The very next day, Ben Bernanke spoke to the House Committee on Oversight and Government Reform about the Federal Reserve Board’s views on Europe. He pointed to improvement in Europe and focused on three positive steps on the continent to increase stability. He also discussed favourable results of stress tests of banks in the event of a severe pullback in the U.S. economy.
But his closing comments echoed Christine Lagarde’s note of caution about the need for further action to address Europe’s structural issues:
“The recent reduction in financial stress in Europe is welcome given our important trade linkages. The situation however remains difficult and it’s critical that European policy leaders follow through on their commitment to achieve a lasting stabilization. I believe our European counterparts understand the challenges they face and they’re committed to take the necessary steps to address those issues.”
Also, you can CLICK HERE to go to the IMF’s most recent global growth forecast.
From my own point of view, it’s worth noting that given European issues and a slowdown in China, there is broad consensus that the next five years will see “2, 6 and 4” growth; an average of 2% in developed countries, and 6% in emerging economies, leading to 4% global growth overall. It’s this divergence in growth between developed and emerging countries that is driving increased focus by multi nationals on faster growing emerging economies.
Warren Buffett: “America’s best days lie ahead:”
In the face of challenges for developed economies, there is a persistent view of America as an “empire in decline.” This was reinforced by last year’s downgrade of US debt and by the stalemate in Congress over dealing with America’s deficit and debt challenges.
As I look at formulating recommendations for my clients, I don’t subscribe to the view of a declining America. Without dismissing its issues, the biggest competitive advantage for United States is its vitality and capacity for change and innovation. It continues to dominate in high tech, and remains a magnet for the best and brightest talent from around the world.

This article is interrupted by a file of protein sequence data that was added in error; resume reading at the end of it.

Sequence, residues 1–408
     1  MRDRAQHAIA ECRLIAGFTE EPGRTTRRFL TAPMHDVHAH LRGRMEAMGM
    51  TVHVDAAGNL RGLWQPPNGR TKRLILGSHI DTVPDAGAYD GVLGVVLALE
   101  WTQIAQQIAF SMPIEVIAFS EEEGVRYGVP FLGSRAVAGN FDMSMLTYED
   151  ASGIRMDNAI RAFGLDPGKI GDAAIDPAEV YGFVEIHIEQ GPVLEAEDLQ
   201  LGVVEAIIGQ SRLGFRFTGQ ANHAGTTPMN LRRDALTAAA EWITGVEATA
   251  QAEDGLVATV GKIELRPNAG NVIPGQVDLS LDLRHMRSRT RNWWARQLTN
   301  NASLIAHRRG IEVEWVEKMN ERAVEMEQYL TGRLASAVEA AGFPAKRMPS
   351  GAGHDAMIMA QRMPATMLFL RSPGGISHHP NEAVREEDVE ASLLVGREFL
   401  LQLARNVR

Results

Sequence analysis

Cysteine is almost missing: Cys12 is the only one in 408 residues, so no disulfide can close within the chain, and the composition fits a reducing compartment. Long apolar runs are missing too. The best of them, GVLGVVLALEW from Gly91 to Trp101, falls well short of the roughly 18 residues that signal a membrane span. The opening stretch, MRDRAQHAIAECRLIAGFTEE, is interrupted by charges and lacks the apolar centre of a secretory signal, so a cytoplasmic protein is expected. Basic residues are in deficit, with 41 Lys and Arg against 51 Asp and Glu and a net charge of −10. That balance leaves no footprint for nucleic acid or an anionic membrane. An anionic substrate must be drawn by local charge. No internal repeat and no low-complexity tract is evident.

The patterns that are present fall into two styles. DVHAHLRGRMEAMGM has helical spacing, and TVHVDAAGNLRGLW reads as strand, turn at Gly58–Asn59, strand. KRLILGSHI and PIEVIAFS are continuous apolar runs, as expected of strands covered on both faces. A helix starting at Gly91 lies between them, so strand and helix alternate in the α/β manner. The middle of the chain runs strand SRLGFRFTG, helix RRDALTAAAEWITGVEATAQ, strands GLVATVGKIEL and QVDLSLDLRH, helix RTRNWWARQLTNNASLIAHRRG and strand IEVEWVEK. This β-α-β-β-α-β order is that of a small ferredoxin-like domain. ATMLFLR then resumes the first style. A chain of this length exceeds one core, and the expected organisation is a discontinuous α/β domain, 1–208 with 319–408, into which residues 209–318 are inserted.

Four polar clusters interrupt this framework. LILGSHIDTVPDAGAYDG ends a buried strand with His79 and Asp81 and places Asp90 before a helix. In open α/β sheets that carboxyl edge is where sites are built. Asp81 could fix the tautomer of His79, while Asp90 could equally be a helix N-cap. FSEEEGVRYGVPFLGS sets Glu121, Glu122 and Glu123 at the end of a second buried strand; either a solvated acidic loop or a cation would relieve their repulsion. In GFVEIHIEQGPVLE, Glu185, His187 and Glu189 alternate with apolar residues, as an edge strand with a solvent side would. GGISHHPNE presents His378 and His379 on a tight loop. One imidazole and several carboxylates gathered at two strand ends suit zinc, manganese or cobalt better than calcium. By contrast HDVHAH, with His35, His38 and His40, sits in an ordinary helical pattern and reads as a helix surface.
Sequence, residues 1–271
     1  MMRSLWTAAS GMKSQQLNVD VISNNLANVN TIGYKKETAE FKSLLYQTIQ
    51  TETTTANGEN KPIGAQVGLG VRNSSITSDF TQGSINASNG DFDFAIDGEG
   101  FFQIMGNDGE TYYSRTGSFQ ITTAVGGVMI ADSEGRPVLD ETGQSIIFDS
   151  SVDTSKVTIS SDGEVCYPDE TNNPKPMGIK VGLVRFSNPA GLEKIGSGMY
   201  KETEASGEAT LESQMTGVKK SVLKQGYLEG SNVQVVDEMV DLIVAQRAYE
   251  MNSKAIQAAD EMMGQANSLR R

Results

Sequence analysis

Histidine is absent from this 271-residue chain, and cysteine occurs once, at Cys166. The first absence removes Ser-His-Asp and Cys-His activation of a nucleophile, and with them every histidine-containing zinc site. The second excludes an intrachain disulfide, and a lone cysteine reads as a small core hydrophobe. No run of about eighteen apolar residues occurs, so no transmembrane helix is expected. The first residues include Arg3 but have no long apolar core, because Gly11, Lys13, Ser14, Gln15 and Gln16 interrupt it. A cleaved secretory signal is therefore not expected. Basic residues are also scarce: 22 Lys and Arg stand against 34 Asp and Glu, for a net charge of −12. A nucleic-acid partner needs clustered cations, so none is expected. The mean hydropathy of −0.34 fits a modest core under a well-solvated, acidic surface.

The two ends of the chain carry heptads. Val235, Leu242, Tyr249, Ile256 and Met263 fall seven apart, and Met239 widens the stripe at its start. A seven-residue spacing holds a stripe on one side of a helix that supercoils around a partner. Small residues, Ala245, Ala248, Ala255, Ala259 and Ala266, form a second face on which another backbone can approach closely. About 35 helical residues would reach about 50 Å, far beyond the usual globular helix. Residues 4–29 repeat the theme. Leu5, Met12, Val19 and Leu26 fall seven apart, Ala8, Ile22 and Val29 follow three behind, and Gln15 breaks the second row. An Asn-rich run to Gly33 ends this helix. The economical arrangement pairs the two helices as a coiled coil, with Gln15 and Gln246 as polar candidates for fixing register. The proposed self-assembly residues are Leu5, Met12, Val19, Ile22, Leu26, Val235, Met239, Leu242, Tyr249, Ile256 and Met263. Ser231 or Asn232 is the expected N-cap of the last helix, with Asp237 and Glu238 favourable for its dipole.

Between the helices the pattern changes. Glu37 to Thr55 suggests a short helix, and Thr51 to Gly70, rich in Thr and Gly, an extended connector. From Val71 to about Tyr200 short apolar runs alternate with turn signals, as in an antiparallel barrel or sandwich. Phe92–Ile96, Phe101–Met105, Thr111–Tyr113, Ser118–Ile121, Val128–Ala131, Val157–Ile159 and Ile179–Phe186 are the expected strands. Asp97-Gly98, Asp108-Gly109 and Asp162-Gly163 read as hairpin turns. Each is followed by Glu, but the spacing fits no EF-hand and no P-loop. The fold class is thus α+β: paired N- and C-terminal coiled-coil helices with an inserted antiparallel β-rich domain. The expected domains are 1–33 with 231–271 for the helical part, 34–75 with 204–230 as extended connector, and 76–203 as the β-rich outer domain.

I’m not alone in this view. Here’s an excerpt from Warren Buffett’s annual letter to investors released in February:
“In 2011, we will set a new record for capital spending, $8 billion and spend all of the $2 billion increase in the United States. Money will always flow toward opportunity, and there is an abundance of that in America. Commentators today often talk of “great uncertainty.” But think back, for example, to December 6, 1941, October 18, 1987 and September 10, 2001. No matter how serene today may be, tomorrow is always uncertain.”
“The prophets of doom have overlooked the all-important factor that is certain: Human potential is far from exhausted, and the American system for unleashing that potential, a system that has worked wonders for over two centuries; despite frequent interruptions for recessions and even Civil War remains alive and effective. We are not natively smarter than we were when our country was founded, nor do we work harder. But look around you and see a world beyond the dreams of any colonial citizen. Now, as in 1776, 1861, 1932 and 1941, America’s best days lie ahead.”
You can read Warren Buffett’s full letter to investors HERE.
A long term perspective on valuations:
While economic growth enables long term increases in corporate profits as a whole, in the short and mid-term we have to pay a fair value for the companies we buy. Anyone who invested at the peak of the U.S. market valuations in 2000 learned a hard lesson about the perils of losing focus on what we pay for a dollar of earnings.
There are few more hotly debated issues on Wall Street than whether today’s market is overvalued, undervalued or priced just right. In looking at all the available data, my own conclusion is that the market is roughly fairly valued.